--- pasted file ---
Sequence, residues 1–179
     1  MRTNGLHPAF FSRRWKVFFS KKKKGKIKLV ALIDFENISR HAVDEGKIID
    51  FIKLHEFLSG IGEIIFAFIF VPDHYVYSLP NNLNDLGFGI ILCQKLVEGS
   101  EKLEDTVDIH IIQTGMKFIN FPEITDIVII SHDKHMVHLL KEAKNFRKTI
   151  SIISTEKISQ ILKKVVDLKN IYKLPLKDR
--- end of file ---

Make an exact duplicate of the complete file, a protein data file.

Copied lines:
Sequence, residues 1–179
     1  MRTNGLHPAF FSRRWKVFFS KKKKGKIKLV ALIDFENISR HAVDEGKIID
    51  FIKLHEFLSG IGEIIFAFIF VPDHYVYSLP NNLNDLGFGI ILCQKLVEGS
   101  EKLEDTVDIH IIQTGMKFIN FPEITDIVII SHDKHMVHLL KEAKNFRKTI
   151  SIISTEKISQ ILKKVVDLKN IYKLPLKDR